Wednesday, January 24, 2007

VG review: "Star Trek Legacy"


"STAR TREK LEGACY”
Bethesda Softworks, for the Xbox 360 and PC

rated E10+ for ages 10 and up (fantasy violence, mild language), $59.99 and $39.99.


Sure, the outer space battles in “Star Trek” (pick your series) could be impressive, but I always thought the strength of the series was its sci-fi concepts, idealistic themes and strong characters.

Maybe that’s just me though, since “Star Trek Legacy,” a new game for the Xbox 360 and PC, focuses on nothing but outer-space battles.

At first glance, the premise is indeed enticing. You get to play as every captain from the Star Trek shows, from Kirk to that guy on “Enterprise,” in a plot that runs through the franchise’s history. You also get to pilot and control a variety of ships, including the Klingon Bird of Prey.

The game is divided into a series of missions, all loosely involving a mysterious Vulcan woman who seems to have ties to the Borg.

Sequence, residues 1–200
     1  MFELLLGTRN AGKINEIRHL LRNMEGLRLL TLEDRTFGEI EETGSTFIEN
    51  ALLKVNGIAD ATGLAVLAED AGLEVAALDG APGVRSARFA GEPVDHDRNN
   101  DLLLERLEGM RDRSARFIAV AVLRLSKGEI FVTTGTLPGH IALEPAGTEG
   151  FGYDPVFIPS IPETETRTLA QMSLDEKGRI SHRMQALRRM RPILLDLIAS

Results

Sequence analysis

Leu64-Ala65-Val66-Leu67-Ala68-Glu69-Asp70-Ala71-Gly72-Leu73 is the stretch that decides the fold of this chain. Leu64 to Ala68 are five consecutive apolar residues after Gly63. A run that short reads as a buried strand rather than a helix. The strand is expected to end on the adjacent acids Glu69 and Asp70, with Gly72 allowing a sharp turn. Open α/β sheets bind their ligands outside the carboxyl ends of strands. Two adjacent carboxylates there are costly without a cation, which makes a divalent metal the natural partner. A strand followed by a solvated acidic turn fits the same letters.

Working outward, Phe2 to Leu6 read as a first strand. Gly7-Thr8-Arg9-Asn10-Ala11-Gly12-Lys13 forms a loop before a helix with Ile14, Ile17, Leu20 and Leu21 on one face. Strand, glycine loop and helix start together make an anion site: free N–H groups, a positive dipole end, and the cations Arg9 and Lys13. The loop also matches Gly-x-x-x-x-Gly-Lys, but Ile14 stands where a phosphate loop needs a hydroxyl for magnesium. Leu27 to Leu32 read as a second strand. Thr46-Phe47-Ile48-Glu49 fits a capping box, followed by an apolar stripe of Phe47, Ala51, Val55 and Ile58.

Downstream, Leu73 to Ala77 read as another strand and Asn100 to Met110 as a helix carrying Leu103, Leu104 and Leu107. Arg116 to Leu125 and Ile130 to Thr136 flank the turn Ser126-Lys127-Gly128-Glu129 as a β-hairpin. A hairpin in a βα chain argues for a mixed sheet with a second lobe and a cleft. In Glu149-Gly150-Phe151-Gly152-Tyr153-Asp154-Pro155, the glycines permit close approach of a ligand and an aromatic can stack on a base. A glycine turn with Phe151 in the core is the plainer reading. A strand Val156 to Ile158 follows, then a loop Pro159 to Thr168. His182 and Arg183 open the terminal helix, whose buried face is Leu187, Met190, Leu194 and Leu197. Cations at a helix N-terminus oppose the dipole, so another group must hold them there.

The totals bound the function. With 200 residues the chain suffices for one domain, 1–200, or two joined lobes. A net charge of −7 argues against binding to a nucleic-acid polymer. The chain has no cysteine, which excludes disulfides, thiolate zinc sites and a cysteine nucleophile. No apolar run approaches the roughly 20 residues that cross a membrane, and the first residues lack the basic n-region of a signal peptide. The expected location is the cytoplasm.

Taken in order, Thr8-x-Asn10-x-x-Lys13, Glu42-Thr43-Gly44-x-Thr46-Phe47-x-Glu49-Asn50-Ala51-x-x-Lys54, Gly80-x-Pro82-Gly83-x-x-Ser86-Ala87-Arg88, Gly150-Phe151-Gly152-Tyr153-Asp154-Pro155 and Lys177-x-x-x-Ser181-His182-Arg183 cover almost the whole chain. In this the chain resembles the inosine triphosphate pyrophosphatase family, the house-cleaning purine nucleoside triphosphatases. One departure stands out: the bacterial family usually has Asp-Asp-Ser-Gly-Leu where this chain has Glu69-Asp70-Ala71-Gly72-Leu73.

As one of five captains (all the original actors provide voice work for the game), you control not just one but four ships. While each mission varies in its goals, ultimately you can expect to get involved in some heavy dogfights with Romulan, Klingon and other enemy spaceships.

These space clashes can be fun, though they also can be a bit repetitive, as too often it’s simply a matter of locking onto an enemy ship and firing until they explode.

Also, the controls, at least for the 360 version, aren’t always crystal clear. I was never quite able to remember how I was supposed to, say, scan an object or direct my troops. In the middle of a frenzied battle, that can be a bit of a problem.

The missions themselves are rather long, and there’s no opportunity to save your game in the middle of it. That means if you die three quarters of the way through, you have to go all the way back to the beginning, even if it took you an hour to get to that point.

Tie in a few graphical bugs (my ships would frequently run into the line of fire, with no harm done) and “Legacy” ends up a lackluster title.

Serious Trekkers will no doubt leap at the opportunity to play as Captain Kirk (not to mention Picard, Janeway, etc.), but even they might end up wondering where the sense of grandeur went.


Copyright The Patriot-News, 2007

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